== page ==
By Angie Georgeff

I know this column has some devoted readers because many of you come into the library asking for “that book you wrote about in the paper.” Since I work on the column two or even three weeks ahead of publication, I sometimes have trouble figuring out which book you mean, but keep on asking! Recently, however, I learned that it reaches a wider audience than I had realized.

The column published on June 12 that reported the results of our best book/worst book poll takes the cake—or perhaps I should say bread … 

One of the respondents had voted for “Modernist Cuisine: The Art and Science of Cooking” by Nathan Myhrvold, Chris Young and Maxime Bilet as his or her favorite. I was not familiar with the title, so I did some research and I was enchanted. It is a 2,438-page, six-volume encyclopedia of cooking filled with the most amazing photographs. If “we eat first with our eyes,” as the ancient Roman gourmand Apicius claimed, this title proves to be a potent appetizer and an incentive to get to work in the kitchen.

Unfortunately, I was not able to turn the pages in person because the price is beyond our library’s modest budget. The nearest copy I could locate was at the Knoxville Public Library.  Well, not anymore!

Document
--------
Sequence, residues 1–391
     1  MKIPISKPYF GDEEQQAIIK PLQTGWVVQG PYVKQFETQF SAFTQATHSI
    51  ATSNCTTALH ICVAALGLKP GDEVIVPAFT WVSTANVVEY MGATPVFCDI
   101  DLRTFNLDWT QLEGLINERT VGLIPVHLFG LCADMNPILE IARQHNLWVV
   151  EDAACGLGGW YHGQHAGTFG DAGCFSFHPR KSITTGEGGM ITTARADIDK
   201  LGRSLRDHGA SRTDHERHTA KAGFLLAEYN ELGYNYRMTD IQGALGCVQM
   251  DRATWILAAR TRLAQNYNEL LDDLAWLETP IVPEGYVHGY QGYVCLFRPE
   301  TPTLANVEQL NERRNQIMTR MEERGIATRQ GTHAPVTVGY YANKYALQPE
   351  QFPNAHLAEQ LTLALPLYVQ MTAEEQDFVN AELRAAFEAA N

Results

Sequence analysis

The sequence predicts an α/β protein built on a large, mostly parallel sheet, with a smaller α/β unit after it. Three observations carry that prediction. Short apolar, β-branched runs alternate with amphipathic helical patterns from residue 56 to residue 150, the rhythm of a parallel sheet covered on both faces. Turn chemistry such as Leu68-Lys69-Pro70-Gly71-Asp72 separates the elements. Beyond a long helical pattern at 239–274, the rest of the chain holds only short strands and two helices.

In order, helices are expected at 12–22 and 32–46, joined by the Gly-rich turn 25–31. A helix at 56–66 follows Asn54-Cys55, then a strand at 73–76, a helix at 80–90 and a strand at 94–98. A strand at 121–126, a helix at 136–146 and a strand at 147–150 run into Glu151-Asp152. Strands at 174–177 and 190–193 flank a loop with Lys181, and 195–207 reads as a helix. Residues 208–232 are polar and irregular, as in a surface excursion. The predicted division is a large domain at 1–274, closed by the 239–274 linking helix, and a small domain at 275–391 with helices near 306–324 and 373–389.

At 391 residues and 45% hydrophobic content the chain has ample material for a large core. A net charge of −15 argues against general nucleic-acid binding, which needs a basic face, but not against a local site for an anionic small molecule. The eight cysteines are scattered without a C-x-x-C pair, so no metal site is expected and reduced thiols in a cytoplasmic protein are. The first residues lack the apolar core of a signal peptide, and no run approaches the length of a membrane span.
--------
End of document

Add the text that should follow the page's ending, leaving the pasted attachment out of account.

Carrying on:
Stephanie Swane, the publisher, posted a comment on The Erwin Record’s website offering to donate copies of “Modernist Cuisine” and “Modernist Bread.” She and Nathan Myhrvold, the founder and co-author, support libraries and wanted to make the books available to our patrons. Of course, I promptly accepted her generous offer and within a few days, we were unpacking both sets of books.

At first, I admired the photos, but then I started to browse the content. Cookbooks provide a set of instructions. With volumes focused on History and Fundamentals, Techniques and Equipment, Animals and Plants, Ingredients and Preparations, Plated-Dish Recipes and a Kitchen Manual, “Modernist Cuisine” not only explains in detail how to prepare food, but why it should be done that way. And then there is “Modernist Bread,” by Nathan Myhrvold and Francisco Migoya. What “Modernist Cuisine” has done for plated dishes, “Modernist Bread” does for the staff of life, in six volumes and 2,642 pages.

I have not yet begun to plumb the depths of these books, but what I have seen and read so far has certainly whetted my appetite. My favorite volume to date is the first volume of “Modernist Bread.” The history of bread is fascinating and I found the homages to Carl Warner’s food landscapes and the still-life portraits of 16th century Italian painter Giuseppe Arcimboldo enormously appealing. I know our patrons will enjoy having these resources available and on behalf of all of them I want to thank Ms. Swane and Mr. Myhrvold! Thank you so much!